Mississippi legislator calls budget 'deliberate wreckage'
The Mississippi legislature inched toward a budget Sunday, after a contentious process the day before. Most major bills have yet to be hammered out in conference. The bills, known as "dummy bills" because they don't have real dollar amounts attached to them, will theoretically be finalized by the time the legislature reconvenes Monday. It isn't clear whether this means that there will be any major changes in funding. "We won't know until the bitter end," said David Baria, a Democrat from Bay St. Louis and chairman of the legislature's Democratic Caucus. Mississippi's budget faces major reductions this year, between the legislature's failure to come up with a bond bill -- meaning the state can't borrow money --- and a $170 million cut from the governor.
 
Legislature starts slicing FY 2018 budgets
Legislative leaders on Sunday released a first and likely final draft of next year's general fund budget -- a $6 billion budget plan that is $329 million less than the current fiscal year budget. Cuts for the next fiscal year affect a vast majority of state agencies and departments. "I'm proud of the work our committee does," Sen. Buck Clarke, R-Hollandale, chairman of the Senate Appropriations committee, said Sunday night. "The discussion for why we have this revenue amount is a discussion for another day. We basically said, 'This is how much we have, so let's discuss how much we have to appropriate.' That's what we did." "It's going to be a very challenging budget this year for virtually every state agency," Lt. Gov. Tate Reeves said on Friday.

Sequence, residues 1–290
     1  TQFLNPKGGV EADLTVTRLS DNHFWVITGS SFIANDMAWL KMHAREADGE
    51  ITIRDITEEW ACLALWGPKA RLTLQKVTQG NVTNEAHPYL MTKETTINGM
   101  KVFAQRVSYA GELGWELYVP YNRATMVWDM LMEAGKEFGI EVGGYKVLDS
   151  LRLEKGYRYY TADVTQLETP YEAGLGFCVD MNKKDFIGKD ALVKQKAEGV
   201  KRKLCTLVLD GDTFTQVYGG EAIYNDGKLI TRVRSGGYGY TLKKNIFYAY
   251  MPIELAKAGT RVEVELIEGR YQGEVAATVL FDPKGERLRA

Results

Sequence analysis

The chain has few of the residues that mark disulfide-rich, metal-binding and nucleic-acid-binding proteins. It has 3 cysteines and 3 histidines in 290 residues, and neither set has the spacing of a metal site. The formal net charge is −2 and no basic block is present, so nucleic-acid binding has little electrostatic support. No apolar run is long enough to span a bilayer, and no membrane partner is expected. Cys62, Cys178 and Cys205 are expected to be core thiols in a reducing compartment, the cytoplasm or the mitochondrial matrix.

Budget agreement called 'ugly'
The budget agreement reached late Saturday will force nearly every state agency to absorb cuts for the upcoming fiscal year on top of the four rounds of cuts Gov. Phil Bryant already has made for the current fiscal year. "It is mighty ugly," said House Pro Tem Greg Snowden, R-Meridian. "We are doing the best we can with the available revenue. I truly don't know what else to say." Final numbers were not available Saturday night for the $6 billion state support budget, but legislative leaders conceded that most agencies would receive significant cuts. Other programs suffered even larger cuts -- percentage wise. For instance, the Institutions of Higher Learning were cut 9 percent or $68 million from what the universities were appropriated during the 2016 legislative session. Community colleges, public health and mental health also suffered sizable cuts.